This time of year, gardeners are filled with longing for green, but we’ll settle for even a glimpse of growing. We search for the tiniest hint that spring is on the way. If you are impatient, as I am, consider planting a native herb that is an early herald of spring, Hamamelis virginiana, or witch hazel. The famous garden writer, Vita Sackville-West described it thus:
“And the Witch-hazel, Hamamelis mollis,
That comes before its leaf on naked bough,
Torn ribbons frayed, of yellow and maroon
And sharp of scent in frosty English air.”
The Hamamelis mollis of which she speaks is the Chinese witch hazel, brought to England in 1879. It quickly became a popular plant for its fragrant, very early bloom. One of its folk names is “winter bloom.” In the photo at the top, the blooming shrubs on the left and right sides are witch hazels displaying their pale yellow ribbons. Before you wonder, no it’s not my garden, but photos I took one year at the fabulous Philadelphia Flower Show.
Do not be hesitant to include this plant in your garden, wary of the term “witch” because it has nothing to do with wicked, warted crones. In olden days, inexpensive fencing was accomplished by growing dense shrubs and weaving the branches (wyches) together to enclose livestock and keep out intruders. When colonists came to the New World, the growth of the Hamamelis reminded them of that form, which led to its name.
However, if you prefer to think it more magical or related to witches, there are some who thought the plant must have unusual powers because of its seed capsules having the uncanny ability to shoot seeds over twenty feet in mid-autumn. Forked witch hazel branches have also been the traditional choice to use as divining rods or “witching rods” to locate underground water, sometimes called “witching for water.”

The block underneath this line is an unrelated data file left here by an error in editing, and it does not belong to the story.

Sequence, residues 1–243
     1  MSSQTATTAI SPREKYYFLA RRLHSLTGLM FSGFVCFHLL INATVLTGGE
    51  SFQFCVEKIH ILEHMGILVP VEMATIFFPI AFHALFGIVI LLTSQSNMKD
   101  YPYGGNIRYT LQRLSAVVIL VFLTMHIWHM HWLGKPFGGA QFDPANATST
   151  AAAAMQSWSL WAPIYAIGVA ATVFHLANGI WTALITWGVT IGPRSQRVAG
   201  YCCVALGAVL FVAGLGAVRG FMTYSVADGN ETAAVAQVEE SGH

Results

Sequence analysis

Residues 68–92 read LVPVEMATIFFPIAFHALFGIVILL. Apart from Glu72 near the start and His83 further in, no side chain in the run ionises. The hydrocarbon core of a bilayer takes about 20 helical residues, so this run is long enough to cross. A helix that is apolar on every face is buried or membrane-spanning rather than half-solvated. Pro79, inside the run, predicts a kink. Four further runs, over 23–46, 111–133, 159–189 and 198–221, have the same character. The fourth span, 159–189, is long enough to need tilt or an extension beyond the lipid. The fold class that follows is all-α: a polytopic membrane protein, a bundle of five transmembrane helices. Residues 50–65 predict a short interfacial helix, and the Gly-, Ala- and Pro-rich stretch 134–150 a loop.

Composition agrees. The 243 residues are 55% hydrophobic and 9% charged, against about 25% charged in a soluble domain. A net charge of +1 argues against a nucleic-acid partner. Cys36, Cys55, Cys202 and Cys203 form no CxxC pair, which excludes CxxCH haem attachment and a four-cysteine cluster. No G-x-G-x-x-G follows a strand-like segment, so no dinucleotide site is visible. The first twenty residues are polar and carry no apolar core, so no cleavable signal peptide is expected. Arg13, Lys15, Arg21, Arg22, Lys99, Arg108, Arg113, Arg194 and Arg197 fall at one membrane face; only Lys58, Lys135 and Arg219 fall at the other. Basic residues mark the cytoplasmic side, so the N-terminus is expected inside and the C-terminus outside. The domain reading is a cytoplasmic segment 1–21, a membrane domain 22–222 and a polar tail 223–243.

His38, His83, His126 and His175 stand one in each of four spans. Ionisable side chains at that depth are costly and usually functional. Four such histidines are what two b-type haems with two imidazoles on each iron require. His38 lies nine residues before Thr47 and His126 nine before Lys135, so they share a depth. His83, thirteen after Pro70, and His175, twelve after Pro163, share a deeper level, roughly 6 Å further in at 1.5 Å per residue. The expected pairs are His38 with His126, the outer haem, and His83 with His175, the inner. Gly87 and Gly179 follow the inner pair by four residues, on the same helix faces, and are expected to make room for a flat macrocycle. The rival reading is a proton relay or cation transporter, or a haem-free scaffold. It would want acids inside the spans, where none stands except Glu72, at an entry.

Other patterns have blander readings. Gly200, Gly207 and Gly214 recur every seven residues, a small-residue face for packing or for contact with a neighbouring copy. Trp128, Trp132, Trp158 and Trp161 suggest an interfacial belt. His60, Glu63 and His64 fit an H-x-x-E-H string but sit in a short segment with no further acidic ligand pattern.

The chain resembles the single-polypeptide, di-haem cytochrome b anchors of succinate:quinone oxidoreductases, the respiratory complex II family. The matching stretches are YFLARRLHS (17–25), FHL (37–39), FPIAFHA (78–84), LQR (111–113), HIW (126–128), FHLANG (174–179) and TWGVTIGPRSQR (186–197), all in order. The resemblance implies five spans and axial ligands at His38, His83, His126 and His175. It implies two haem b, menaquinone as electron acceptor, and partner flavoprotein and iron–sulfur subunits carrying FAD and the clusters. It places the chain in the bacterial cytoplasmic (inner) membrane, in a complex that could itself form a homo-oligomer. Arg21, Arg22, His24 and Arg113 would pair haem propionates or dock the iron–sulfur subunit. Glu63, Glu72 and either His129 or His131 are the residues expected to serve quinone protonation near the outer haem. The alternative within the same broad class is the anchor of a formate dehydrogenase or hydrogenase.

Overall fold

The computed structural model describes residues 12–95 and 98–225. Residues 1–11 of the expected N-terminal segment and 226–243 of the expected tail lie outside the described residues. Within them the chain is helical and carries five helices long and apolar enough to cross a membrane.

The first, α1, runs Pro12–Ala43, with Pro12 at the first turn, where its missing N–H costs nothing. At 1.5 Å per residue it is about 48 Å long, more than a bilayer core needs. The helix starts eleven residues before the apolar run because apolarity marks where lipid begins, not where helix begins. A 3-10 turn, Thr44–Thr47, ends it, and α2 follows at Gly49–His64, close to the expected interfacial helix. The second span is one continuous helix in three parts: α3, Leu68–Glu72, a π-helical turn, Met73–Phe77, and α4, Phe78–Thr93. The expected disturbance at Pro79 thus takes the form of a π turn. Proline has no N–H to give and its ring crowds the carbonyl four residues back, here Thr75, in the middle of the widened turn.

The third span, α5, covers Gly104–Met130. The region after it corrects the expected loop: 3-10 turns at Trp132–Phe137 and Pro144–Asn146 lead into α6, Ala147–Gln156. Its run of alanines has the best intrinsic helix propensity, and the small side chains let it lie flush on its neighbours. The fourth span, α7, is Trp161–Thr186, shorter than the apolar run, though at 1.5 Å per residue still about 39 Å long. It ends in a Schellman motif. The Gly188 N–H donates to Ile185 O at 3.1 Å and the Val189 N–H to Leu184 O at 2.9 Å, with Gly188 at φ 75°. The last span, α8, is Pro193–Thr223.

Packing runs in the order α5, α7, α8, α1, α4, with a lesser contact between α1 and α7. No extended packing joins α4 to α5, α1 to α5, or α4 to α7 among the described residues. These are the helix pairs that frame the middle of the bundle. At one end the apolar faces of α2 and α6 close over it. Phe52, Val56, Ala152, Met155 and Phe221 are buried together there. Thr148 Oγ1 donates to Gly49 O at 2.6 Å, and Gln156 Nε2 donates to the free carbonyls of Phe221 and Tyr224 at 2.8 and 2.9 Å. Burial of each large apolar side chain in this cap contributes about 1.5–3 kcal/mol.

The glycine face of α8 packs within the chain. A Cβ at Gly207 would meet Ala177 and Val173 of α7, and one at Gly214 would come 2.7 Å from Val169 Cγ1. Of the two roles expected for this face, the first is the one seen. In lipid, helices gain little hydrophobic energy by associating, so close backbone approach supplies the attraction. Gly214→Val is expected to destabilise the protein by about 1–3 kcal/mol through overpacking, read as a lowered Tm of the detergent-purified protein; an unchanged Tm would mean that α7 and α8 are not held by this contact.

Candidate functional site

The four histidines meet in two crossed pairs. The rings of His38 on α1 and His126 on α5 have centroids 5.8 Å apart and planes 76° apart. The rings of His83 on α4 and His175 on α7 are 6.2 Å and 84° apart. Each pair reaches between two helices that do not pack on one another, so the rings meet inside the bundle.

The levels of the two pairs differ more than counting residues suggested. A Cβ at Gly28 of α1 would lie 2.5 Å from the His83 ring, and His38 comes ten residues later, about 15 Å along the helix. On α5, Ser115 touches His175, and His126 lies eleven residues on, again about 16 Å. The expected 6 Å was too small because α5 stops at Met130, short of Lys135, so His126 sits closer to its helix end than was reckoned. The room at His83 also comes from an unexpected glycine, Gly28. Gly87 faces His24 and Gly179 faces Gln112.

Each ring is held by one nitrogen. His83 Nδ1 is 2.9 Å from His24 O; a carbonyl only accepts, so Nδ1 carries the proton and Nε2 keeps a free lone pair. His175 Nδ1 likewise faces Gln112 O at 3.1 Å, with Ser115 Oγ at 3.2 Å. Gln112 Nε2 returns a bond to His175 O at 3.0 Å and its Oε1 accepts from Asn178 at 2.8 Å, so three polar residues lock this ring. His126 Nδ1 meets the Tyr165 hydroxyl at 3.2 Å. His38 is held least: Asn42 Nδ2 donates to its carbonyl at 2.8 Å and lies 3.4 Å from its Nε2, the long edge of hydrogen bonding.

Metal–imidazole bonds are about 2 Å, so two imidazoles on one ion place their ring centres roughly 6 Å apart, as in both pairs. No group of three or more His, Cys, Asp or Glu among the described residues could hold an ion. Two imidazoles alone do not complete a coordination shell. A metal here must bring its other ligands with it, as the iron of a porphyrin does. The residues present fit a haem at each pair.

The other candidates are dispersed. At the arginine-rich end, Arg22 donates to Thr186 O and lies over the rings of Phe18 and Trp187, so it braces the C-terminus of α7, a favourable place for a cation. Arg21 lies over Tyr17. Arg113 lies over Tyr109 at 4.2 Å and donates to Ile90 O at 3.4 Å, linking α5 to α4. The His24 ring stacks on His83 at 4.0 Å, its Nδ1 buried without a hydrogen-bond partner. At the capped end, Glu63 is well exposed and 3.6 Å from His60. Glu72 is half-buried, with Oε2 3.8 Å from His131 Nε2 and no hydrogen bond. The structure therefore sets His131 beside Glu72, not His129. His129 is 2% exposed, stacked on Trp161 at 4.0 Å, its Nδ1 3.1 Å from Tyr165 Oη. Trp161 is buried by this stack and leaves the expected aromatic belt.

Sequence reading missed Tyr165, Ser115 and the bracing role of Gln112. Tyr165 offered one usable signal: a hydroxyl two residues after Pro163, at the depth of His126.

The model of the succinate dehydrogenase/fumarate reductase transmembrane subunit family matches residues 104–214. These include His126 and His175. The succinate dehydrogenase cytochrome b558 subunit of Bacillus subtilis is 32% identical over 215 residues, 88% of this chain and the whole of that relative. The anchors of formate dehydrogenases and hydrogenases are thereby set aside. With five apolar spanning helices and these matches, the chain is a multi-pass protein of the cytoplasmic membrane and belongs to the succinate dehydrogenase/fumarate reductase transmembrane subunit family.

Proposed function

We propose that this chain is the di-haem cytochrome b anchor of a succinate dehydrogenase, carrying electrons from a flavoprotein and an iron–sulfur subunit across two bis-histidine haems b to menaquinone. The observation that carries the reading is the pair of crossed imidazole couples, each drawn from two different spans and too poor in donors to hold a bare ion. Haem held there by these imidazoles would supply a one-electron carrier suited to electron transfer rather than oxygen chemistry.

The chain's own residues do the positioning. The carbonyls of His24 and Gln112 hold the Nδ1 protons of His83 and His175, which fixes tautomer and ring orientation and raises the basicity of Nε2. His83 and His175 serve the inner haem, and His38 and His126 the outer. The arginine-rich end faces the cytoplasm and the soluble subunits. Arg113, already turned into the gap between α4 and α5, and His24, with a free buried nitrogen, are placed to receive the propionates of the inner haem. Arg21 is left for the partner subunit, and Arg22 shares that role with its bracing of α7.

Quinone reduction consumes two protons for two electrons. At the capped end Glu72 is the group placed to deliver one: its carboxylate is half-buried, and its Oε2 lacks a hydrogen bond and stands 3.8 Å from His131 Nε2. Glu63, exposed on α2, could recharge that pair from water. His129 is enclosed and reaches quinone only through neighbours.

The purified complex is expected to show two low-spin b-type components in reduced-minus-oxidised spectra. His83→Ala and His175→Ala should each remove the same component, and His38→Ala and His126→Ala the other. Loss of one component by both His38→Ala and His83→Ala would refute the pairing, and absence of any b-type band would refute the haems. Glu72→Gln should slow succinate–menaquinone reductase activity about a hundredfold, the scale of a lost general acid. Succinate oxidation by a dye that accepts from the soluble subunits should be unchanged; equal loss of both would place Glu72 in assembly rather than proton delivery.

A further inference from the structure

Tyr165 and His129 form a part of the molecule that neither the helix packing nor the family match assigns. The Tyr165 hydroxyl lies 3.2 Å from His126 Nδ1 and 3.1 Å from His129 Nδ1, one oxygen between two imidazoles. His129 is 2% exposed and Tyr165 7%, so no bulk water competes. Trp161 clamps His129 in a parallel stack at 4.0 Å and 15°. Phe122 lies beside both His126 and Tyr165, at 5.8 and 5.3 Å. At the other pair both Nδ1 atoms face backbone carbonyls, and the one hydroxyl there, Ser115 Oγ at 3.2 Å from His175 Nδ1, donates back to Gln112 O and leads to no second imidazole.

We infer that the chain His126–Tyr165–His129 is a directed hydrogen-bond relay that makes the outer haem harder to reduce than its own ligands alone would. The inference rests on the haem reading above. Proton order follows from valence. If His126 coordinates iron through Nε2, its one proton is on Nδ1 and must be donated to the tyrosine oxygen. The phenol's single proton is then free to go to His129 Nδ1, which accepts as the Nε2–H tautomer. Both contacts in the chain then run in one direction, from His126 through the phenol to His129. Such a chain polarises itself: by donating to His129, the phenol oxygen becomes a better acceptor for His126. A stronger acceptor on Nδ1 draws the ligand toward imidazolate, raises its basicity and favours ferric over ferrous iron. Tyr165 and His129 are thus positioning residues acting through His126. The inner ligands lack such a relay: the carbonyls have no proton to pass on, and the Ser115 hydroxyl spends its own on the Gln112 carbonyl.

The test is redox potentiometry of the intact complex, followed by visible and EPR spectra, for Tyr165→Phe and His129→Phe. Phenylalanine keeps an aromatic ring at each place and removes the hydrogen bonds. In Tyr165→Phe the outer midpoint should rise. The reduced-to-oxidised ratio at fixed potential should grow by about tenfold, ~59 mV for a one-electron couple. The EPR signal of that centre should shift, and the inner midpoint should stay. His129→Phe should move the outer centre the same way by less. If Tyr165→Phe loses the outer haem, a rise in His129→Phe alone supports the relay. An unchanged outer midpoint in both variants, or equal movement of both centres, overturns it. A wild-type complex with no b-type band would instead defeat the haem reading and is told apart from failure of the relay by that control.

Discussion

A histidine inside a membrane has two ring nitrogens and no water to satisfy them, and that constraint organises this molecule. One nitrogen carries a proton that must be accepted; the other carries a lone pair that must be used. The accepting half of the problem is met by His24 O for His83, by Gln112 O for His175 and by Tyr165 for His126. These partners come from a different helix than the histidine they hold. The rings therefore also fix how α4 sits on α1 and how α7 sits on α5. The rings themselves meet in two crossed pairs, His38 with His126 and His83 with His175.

The fragrant, ribbony-yellow blooms of witch hazel are some of the earliest to appear, especially if given a sheltered easterly exposure. It can tolerate light shade, and in fact prefers it in drier locations. Ideally it loves a loamy, well-draining soil, neutral to lightly acidic and grows happily in Zones 4-8 (some say 3-9.) Since I have heavy clay, which they don’t fancy, I’ll definitely have to work on soil improvement before planting. The large toothed leaves provide a dappled shade in summer and turn brilliant yellow in autumn. Take care in making a selection for growing, because not all witch hazels are hardy in all zones. Also, some bloom in autumn rather than in late winter, and some have the unfortunate characteristic to bloom while still holding their leaves, which obscures the flowering.
The Chicago Botanic Garden is currently trialing dozens of varieties of witch hazels and invites the public to come see the show these plants put on in February. The plants are in their second year. They will also publish their evaluations on their website, so you can benefit from their data and observations. After their first year analysis, I’m considering “Little Suzie,” “Arnold Promise,” “Sunburst,” and “Sandra” but “Jelena” and “Pallida” might also be in the running, depending upon their performance this year.
An astringent lotion distilled from witch hazel’s bark, twigs and leaves has long been used to soften skin, relieve insect bites, treat varicose veins, bruises and swelling. It makes an excellent alcohol-free skin cleanser and after shave. Leaves can be steeped in boiling water, which is strained used as a foot bath to ease sore feet.
Witch hazel is a relative of the sweet gum tree, and fothergilla shrubs. It is the birthday flower for August 9th, symbolizing changeability, consolation, inspiration and enchantment.
I’ll be searching for various varieties of witch hazels to add to my gardens in the coming months. The internet shows colors ranging from nearly white through yellows and oranges to deep maroon, achieved in many cases by crossing H. mollis and H. virginiana. Hopefully, next winter I’ll have some fragrant ribbon blooms to enjoy.